When trying to understand a council’s political significance, people often focus too much on the hard, physical stuff that councils build – the road upgrades, the bridges, the playgrounds, the sports facilities. But it’s the council’s ability to shift narratives and steer public discourse that we should pay most attention to.
In recent decades, the Liberal National Party have exploited this reality better than the Labor party (perhaps without even fully understanding it). Not only have they used the city council as a training ground for career politicians and a foundation for seizing power at higher levels (see e.g. Campbell Newman), but as a cultural power centre for manipulating how the city sees itself and what kinds of futures its residents aspire to.
Even local governments far smaller than BCC can shape a community’s priorities and norms through funding and support for certain kinds of cultural events, rituals and institutions, and by elevating and celebrating some ideas and issues while marginalising others.
But Brisbane City Council commands so much funding, so many policy levers and such large communication reach that it sets the direction for the entire South-East Queensland region. Brisbane’s mayor wields far more influence than a dozen backbench state or federal parliamentarians.
Cities shape every aspect of our lives. Seemingly mundane decisions about urban planning rules, transport network investment, small business regulation and public space management end up dictating how we move around, who we interact with, what kinds of spaces we live and work in, what we do for leisure, and how our society adapts to major challenges like global warming or a virus outbreak.
As local councillor, Jonno uses ward office resources to support anti-racism events such as the above. Photo credit: Stephen Bates.
We are shaped by our urban environments, but most of us have comparatively little power to shape that environment in turn. We don’t usually have a meaningful say in urban planning or transport policy decisions, and we certainly don’t get a say in whether council funds are used to plant more trees or to spread more bitumen.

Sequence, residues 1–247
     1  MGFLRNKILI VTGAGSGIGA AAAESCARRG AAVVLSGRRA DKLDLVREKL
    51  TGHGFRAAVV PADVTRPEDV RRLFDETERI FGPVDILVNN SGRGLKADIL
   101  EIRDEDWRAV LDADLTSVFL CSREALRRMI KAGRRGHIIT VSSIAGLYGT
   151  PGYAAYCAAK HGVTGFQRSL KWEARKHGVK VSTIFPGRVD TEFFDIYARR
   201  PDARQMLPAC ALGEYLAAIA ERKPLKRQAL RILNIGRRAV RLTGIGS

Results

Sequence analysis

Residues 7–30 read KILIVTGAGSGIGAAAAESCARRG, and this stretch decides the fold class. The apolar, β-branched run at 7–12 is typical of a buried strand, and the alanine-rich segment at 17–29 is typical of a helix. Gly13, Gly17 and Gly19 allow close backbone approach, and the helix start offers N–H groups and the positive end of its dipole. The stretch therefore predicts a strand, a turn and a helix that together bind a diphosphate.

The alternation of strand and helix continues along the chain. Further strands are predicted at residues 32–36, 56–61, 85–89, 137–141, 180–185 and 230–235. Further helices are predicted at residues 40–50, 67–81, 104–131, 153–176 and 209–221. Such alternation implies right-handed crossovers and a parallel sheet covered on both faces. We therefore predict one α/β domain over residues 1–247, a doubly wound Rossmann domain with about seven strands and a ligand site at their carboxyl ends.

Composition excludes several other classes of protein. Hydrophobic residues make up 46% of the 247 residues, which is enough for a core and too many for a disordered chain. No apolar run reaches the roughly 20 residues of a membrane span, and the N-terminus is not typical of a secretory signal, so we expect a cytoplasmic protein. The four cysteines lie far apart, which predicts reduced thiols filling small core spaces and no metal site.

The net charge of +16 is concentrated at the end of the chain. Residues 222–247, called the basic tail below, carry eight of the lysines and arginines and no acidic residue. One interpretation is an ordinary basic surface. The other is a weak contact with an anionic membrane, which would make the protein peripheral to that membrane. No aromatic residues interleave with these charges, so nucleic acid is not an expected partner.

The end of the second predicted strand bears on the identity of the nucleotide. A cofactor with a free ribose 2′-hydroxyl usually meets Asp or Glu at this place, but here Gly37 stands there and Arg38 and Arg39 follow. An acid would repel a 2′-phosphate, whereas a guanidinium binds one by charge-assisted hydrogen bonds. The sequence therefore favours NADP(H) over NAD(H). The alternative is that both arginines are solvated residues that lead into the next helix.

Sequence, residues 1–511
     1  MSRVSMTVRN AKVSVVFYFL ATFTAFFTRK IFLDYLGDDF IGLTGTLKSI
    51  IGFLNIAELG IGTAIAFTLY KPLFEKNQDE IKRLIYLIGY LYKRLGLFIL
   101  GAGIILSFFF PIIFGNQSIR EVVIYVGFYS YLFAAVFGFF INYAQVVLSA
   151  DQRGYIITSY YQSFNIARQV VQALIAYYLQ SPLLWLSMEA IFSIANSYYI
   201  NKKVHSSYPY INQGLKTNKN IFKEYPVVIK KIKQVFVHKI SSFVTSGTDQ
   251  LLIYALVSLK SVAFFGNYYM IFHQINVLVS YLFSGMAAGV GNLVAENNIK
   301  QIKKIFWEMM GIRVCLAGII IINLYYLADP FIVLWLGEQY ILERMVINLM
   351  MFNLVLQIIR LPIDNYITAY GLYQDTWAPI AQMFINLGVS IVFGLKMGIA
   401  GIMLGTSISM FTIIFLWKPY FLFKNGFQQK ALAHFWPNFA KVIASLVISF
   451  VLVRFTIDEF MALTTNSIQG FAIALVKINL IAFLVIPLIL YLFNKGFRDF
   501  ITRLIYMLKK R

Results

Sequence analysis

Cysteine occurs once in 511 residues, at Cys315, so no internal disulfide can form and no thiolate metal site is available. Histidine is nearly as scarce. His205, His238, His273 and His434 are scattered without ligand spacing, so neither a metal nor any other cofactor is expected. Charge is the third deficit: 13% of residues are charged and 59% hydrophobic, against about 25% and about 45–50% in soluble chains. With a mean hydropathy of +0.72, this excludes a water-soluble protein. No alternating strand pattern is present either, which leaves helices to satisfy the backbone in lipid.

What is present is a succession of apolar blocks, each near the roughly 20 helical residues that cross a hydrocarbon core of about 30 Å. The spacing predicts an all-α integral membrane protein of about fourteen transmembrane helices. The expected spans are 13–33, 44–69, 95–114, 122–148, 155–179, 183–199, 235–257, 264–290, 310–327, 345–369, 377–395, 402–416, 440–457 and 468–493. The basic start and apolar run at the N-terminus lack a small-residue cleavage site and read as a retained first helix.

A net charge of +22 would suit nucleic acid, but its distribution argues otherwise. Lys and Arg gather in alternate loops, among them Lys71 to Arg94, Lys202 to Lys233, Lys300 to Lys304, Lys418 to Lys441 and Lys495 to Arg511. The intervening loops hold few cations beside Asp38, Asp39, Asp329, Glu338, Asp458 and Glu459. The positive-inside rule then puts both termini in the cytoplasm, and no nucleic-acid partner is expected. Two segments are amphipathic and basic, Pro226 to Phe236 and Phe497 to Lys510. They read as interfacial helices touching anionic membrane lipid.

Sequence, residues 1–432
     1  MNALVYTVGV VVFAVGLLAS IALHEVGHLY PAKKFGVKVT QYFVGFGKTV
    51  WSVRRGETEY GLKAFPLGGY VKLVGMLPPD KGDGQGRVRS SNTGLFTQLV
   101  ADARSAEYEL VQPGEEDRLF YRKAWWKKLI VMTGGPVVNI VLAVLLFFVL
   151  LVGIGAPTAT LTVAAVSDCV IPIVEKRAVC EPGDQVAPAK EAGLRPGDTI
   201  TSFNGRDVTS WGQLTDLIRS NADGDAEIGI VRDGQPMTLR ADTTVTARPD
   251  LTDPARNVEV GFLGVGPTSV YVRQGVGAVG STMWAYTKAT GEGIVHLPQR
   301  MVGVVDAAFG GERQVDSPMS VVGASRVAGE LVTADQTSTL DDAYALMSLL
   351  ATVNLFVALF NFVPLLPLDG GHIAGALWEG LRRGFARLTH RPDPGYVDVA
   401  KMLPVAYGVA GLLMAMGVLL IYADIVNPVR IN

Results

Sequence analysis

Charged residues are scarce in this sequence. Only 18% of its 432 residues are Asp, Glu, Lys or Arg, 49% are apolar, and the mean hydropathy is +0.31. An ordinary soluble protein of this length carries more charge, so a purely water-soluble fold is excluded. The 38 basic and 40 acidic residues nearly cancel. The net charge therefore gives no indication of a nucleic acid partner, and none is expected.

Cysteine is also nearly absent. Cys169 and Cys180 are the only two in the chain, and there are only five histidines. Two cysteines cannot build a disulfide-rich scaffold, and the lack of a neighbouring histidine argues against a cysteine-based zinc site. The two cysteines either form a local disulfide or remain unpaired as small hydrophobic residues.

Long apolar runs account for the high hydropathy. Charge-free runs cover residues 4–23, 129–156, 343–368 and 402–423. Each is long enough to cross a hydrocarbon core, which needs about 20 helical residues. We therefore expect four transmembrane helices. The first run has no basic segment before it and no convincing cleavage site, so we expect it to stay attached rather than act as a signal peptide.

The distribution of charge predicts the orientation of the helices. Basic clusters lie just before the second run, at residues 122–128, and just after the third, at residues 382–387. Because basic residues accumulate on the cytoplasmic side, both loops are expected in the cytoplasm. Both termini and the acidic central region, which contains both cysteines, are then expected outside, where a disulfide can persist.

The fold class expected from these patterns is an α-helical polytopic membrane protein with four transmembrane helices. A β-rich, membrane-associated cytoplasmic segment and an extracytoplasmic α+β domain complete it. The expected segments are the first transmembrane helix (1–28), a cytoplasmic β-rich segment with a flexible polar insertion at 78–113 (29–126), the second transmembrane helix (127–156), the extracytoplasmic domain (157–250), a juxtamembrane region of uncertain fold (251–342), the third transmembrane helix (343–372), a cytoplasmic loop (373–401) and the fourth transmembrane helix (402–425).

So many of the problems our society is grappling with – from social isolation to rising transport costs to fossil fuel energy dependence – come down to local council decisions and priorities.
Whether we’re talking about climate action, housing justice, or creating a different, better, more democratic form of collective governance, local councils have a critical role to play. But most of us don’t even know the names of our local councillors, and certainly wouldn’t consider putting our hand up to serve on the city council.
Right now, we’re living through a period of great change and potential. Many of us are trying to work out how best to direct our energy, and where the viable openings are to help create a better world. Where are the pressure points and fulcrums that can enable a positive, radical, cultural transformation while applying upward pressure on state and federal governments?
Perhaps seizing greater influence over the workings of local entities like Brisbane City Council is a crucial puzzle piece that too many of us have been overlooking.
Jonathan Sriranganathan is Greens Councillor for the Gabba Ward, Brisbane City Council.